Magazine article Art Monthly

The Artist's Resale Right Regulations 2006

Magazine article Art Monthly

The Artist's Resale Right Regulations 2006

Article excerpt

On December 15, 2006, the final draft of The Artist's Resale Right Regulations 2006 were placed before parliament by the UK government for approval by resolution of each House of Parliament, with the aim of their coming into UK law by the end of January 2006. The regulations represent the fulfilment of the UK government's legal obligations to enact into UK law the requirements of an EU law (Directive 2001/84/EC) requiring all member states to give UK artists an automatic legal right to receive a payment when their works are resold. This month's column describes and explains how those regulations will operate from February 2006.

The Resale Royalty Right

An artist will have the right to receive a royalty on any resale of their work after the first transfer of ownership (not necessarily the first sale--it may be a gift) by that artist; in other words, an artist will have a 'resale right' to receive a 'resale royalty': a resale royalty right. This right will apply to works that are protected by copyright law (works that have been made by independent creative skill and labour--have not been stolen from another artist), and will last for the same length as copyright (the lifetime of the artist plus 70 years after the end of the year of the artist's death). The amount of the royalty payable is a percentage of the sale price based upon a fixed sliding scale of consecutive portions of that price:

Portion of the sale price                      % amount

From 1,000 [euro] to 50,000 [euro]             4%
From 50,000.01 [euro] to 200,000 [euro]        3%
From 200,000.01 [euro] to 350,000 [euro]       1%
From 350,000.01 [euro] to 500,000 [euro]       0.5%
Exceeding 500,000 [euro]                       0.25%

However, the total amount of royalty payable on any one sale shall not exceed 12,500 [euro].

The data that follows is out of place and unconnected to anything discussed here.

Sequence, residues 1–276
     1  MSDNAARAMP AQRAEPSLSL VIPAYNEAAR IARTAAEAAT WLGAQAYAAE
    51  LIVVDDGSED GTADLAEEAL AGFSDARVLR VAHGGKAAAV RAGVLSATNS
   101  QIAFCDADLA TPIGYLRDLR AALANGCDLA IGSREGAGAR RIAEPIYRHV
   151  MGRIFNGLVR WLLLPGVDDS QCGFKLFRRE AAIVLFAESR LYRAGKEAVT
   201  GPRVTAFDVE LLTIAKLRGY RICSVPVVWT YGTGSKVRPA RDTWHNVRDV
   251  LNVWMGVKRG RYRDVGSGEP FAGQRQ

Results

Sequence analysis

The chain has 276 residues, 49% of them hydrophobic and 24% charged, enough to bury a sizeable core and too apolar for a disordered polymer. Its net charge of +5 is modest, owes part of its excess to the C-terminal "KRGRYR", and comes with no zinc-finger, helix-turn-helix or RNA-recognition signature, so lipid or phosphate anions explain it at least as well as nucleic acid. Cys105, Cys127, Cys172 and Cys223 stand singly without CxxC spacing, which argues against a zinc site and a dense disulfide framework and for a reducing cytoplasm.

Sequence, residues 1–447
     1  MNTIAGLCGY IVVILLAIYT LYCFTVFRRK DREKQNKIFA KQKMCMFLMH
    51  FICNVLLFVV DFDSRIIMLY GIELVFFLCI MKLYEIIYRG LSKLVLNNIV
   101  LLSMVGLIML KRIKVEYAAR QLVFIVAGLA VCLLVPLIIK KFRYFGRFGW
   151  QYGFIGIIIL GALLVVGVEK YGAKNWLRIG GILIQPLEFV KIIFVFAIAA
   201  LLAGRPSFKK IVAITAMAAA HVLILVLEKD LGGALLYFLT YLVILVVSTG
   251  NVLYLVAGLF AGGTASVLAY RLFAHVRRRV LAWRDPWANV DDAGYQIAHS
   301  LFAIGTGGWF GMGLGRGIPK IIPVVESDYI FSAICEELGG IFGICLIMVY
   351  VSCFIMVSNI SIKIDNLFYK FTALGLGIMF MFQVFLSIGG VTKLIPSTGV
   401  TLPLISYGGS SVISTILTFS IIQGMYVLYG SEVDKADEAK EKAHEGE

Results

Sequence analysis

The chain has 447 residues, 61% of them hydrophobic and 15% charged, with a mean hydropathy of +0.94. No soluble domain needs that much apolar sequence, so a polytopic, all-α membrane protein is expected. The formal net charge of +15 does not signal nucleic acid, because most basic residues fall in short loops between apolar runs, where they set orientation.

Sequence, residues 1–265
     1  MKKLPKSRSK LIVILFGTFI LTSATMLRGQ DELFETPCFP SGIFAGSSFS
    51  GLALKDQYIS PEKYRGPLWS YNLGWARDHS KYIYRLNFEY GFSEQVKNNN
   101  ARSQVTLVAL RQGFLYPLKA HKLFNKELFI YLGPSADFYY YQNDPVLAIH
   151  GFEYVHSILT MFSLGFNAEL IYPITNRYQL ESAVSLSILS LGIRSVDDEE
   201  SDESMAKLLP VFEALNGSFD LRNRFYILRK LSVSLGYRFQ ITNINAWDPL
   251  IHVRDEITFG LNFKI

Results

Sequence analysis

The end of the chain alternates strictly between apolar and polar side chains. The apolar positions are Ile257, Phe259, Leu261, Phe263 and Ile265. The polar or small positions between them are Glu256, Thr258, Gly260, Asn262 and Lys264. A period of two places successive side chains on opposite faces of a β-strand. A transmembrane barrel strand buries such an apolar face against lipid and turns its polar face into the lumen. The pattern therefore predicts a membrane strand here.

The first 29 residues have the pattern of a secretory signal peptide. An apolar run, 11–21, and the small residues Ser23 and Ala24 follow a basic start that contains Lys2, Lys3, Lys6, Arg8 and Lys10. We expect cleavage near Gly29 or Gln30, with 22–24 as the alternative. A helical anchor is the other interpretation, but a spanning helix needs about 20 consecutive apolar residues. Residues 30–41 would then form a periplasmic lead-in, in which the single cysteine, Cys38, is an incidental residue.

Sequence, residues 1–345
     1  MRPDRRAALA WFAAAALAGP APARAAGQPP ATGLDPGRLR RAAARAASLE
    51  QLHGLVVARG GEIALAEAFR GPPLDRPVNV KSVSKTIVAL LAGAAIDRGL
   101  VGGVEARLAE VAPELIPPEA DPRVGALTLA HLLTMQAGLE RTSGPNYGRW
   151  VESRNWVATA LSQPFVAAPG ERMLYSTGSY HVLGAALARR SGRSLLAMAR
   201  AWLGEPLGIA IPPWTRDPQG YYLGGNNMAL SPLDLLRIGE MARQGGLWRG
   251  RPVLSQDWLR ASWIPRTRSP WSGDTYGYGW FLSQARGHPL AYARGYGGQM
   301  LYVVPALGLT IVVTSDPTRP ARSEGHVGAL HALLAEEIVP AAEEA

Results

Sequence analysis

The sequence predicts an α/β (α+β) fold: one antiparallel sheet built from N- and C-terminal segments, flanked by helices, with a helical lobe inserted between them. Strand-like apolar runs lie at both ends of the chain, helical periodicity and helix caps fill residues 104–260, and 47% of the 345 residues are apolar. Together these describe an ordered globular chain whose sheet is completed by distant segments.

Exempted Resales

Three types of resale are outside the regulations, and therefore of the new scheme. First, where the sale price is less than 1,000 [euro]. Second, where the buyer or seller (or agent of the buyer or seller) is not 'acting in the course of business of dealing in works of art'; in other words, the regulations apply only to sales or purchases by art market professionals. Third, where the seller previously acquired the work directly from the artist less than three years before the sale, and the sale price does not exceed 10,000 [euro]; in other words, the regulations apply only to sales made three or more years after the artist's first studio sale or transfer of ownership, and to all sales exceeding 10,000 [euro] even if they are made within the first three years after the artist's first studio sale or transfer of ownership.

Exempted Artworks

Not all artworks are included in the new scheme--only works of 'graphic or plastic art such as a picture, a collage, a painting, a drawing, an engraving, a print, a lithograph, a sculpture, a tapestry, a ceramic, an item of glassware or a photograph'; also included are copies of works if they are 'one of a limited number which have been made by the author or under his authority'.

Authorship

An artist's signature on a work is presumed by the regulations to identify the author/artist, who is therefore entitled to the resale right. Where a work is made by two or more artists, both their signatures on their works will likewise trigger the legal presumption that they are the joint authors--each of them will have the resale right, and they will share the resale royalties equally, unless they both sign a written agreement stating otherwise. (This reinforces the importance of artists working collaboratively always to have a written creative partnership agreement clarifying all such matters: see AM271).

Who Pays the Resale Royalty?

Sellers and their agents will be jointly and separately responsible for paying the resale royalty; if the seller has no agent, then the seller and the buyer's agent will be jointly and separately responsible, and if neither seller nor buyer has an agent, then the seller and the buyer will be jointly and separately responsible. …

Search by... Author
Show... All Results Primary Sources Peer-reviewed

Oops!

An unknown error has occurred. Please click the button below to reload the page. If the problem persists, please try again in a little while.